Repertoire comparison by next-generation sequencing gives insight into the breadth of the antibody repertoire used in an immune response. Antibody repertoire comparison Antibody repertoire comparisons can be performed with the **NGS comparison** operation. To compare NGS results, you will need to:

- Run the NGS analysis v2 pipeline
- Select 2 NGS analysis v2 pipeline output files for comparison

To run an NGS analysis select your file within the experiment folder and select **NGS analysis v2** in **Pipelines** dropdown. To learn more about NGS analysis configuration, please refer to the following article.

To run NGS comparisons, select 2 NGS analysis pipeline output files (e.g **File type:** **NGS Result**) and click **NGS Comparison** in the **Post-processing** dropdown.

In order to compare samples to find out the relative abundance of clusters, normalization or scaling is often performed to remove variation between samples that prevents direct comparison of data. For example, if one sample has twice as many sequences in one particular cluster than the other sample, this does not necessarily mean that cluster is more abundant in the first sample, it could be due to a higher sequencing depth. The choice of the normalization method used affects what the normalized ratio of each cluster will be as well as the P-Value. The following outlines the normalization methods available for comparing antibody repertoires:

**Total count**

This method of normalization compares the raw frequency of each cluster based on the total number of identified regions in each sample (i.e. the frequency percentage without normalization). This method of total count normalization is less robust and not as effective at aligning distribution of cluster frequency across samples. For example, Sample A has a greater proportion of counts associated with a particular cluster (10/1,000,000) than Sample B (10/1,500,000) even though the total count values are the same. Therefore, direct comparison of the counts for the particular cluster (or any other clusters) between Sample A and Sample B is not advisable because the total number of normalized counts are different between samples.

**Median of frequency ratios**

This method of normalization uses the more robust DESeq2 approach where the median ratio of all the cluster count rations is used to calculate the normalization factor. DESeq2 uses a median of ratios method as the normalization factor under the assumption that most of the genes are not differentially expressed. This method is robust to the imbalance in the frequency of the number of sequences within each cluster and clusters with very low frequencies are excluded as they can lead to inaccurate normalization ratios. For example, if the median cluster has 1 sequence in one sample and 2 sequences in the other, this would produce a normalization ratio of 2. Instead, using the DESeq2 approach, we take the median ratio of those clusters where both samples have at least this many sequences.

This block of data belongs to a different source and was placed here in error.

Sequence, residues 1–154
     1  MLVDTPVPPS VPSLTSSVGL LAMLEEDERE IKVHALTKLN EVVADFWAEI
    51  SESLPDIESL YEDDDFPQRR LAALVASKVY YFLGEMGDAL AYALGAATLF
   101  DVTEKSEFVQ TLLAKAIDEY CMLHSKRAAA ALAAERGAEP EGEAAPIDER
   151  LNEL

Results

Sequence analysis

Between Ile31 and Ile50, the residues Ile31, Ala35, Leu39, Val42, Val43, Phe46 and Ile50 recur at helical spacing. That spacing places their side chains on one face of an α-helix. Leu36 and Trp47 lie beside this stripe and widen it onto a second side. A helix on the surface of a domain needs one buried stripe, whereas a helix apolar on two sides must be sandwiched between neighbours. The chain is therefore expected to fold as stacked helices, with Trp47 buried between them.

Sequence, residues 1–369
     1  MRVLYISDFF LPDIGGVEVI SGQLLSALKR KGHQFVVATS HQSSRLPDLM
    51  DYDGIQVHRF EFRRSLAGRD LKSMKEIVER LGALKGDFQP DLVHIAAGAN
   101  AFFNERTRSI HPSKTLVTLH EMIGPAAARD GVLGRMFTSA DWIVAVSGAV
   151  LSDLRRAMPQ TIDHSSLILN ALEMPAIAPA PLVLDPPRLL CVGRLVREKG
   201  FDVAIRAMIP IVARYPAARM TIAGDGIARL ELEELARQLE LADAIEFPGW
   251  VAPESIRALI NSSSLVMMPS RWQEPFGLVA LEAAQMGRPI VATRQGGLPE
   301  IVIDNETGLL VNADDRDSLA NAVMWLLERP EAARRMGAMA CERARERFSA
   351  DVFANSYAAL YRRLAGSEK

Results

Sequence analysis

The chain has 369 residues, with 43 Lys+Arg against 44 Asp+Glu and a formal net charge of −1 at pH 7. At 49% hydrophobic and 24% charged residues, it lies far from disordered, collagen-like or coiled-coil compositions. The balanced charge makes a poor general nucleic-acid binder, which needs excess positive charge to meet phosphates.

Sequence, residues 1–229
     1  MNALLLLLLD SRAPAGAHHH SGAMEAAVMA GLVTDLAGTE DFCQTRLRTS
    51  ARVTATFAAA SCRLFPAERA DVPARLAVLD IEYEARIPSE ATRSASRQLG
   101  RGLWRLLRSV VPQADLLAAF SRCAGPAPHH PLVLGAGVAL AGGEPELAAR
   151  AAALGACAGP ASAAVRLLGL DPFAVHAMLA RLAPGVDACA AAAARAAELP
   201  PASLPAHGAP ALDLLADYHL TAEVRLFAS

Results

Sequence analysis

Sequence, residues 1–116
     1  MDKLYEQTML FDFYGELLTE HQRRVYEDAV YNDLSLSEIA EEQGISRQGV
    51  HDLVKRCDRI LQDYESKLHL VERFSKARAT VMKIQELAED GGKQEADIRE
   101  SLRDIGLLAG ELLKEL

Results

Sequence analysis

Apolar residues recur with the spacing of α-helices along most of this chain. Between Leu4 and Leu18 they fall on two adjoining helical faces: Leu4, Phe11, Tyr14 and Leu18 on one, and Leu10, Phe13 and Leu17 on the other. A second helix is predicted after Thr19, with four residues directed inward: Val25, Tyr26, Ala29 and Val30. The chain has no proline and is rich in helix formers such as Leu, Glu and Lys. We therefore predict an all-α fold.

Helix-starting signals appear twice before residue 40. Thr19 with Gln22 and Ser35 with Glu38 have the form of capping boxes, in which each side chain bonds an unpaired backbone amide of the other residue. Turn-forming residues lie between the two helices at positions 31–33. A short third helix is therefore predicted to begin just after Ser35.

**Total count excluding upper quartile**

This is another approach used during differential gene expression normalization and is usually better suited (than the DESeq2 normalization method) to immune system data comparison. This is due to there often being only a few regions in common between samples that have significant numbers of sequences, and selecting the median ratio of these produces a value which is quite sensitive to a change in only a few sequence frequencies

**P-values**

P-values are used to indicate whether or not the difference in size between the two clusters is statistically significant. When comparing samples, we may not be interested in cases where the frequencies only differ by a ratio of 2 for example. However, the P-Values calculated in this case could still indicate that this is a statistically significant difference. This setting assumes that any ratio less than this is not significant and reduces the significance of ratios larger than this accordingly when calculating P-Values. For example, if this setting is 2, and a region has a ratio of 2.5, the calculated P-Value would be similar to that of a case where this setting is 1 and the region ratio is 1.5. This minimum ratio is applied equally in both directions, so if this setting is 2, then a ratio of 0.5 would not be considered significant either.

**Executing NGS comparisons**

Depending on your input sequences, some sequences may not be fully annotated and some may contain stop codons. These sequences may influence the comparisons analysis as they contribute towards the normalization calculations and it's advisable to exclude these sequences from the analysis.

To compare sequences that are fully annotated, in frame and, without stop codons, select the **Only use sequences that are fully annotated, in frame and, without stop codons** option.

To start the NGS comparison operation, click **Run**. This operation will produce a **NGS Comparison Result **document.

**Note that we currently only support comparisons of 2 NGS results.**

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